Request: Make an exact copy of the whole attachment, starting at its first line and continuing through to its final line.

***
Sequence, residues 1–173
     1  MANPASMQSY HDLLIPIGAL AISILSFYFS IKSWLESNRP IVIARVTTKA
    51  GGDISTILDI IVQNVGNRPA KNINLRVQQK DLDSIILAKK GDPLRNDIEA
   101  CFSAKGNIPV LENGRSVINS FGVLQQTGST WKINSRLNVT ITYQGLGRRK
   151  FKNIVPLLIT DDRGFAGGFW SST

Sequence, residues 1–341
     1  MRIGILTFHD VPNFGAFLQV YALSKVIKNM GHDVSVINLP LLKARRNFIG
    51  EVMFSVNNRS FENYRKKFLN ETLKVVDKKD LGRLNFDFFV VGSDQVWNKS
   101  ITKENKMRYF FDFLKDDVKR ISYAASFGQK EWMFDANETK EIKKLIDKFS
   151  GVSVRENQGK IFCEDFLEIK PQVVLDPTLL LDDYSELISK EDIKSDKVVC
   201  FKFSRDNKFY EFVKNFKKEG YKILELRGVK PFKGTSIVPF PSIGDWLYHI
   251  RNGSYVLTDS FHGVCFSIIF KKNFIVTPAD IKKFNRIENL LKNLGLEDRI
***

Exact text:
Sequence, residues 1–173
     1  MANPASMQSY HDLLIPIGAL AISILSFYFS IKSWLESNRP IVIARVTTKA
    51  GGDISTILDI IVQNVGNRPA KNINLRVQQK DLDSIILAKK GDPLRNDIEA
   101  CFSAKGNIPV LENGRSVINS FGVLQQTGST WKINSRLNVT ITYQGLGRRK
   151  FKNIVPLLIT DDRGFAGGFW SST

Sequence, residues 1–341
     1  MRIGILTFHD VPNFGAFLQV YALSKVIKNM GHDVSVINLP LLKARRNFIG
    51  EVMFSVNNRS FENYRKKFLN ETLKVVDKKD LGRLNFDFFV VGSDQVWNKS
   101  ITKENKMRYF FDFLKDDVKR ISYAASFGQK EWMFDANETK EIKKLIDKFS
   151  GVSVRENQGK IFCEDFLEIK PQVVLDPTLL LDDYSELISK EDIKSDKVVC
   201  FKFSRDNKFY EFVKNFKKEG YKILELRGVK PFKGTSIVPF PSIGDWLYHI
   251  RNGSYVLTDS FHGVCFSIIF KKNFIVTPAD IKKFNRIENL LKNLGLEDRI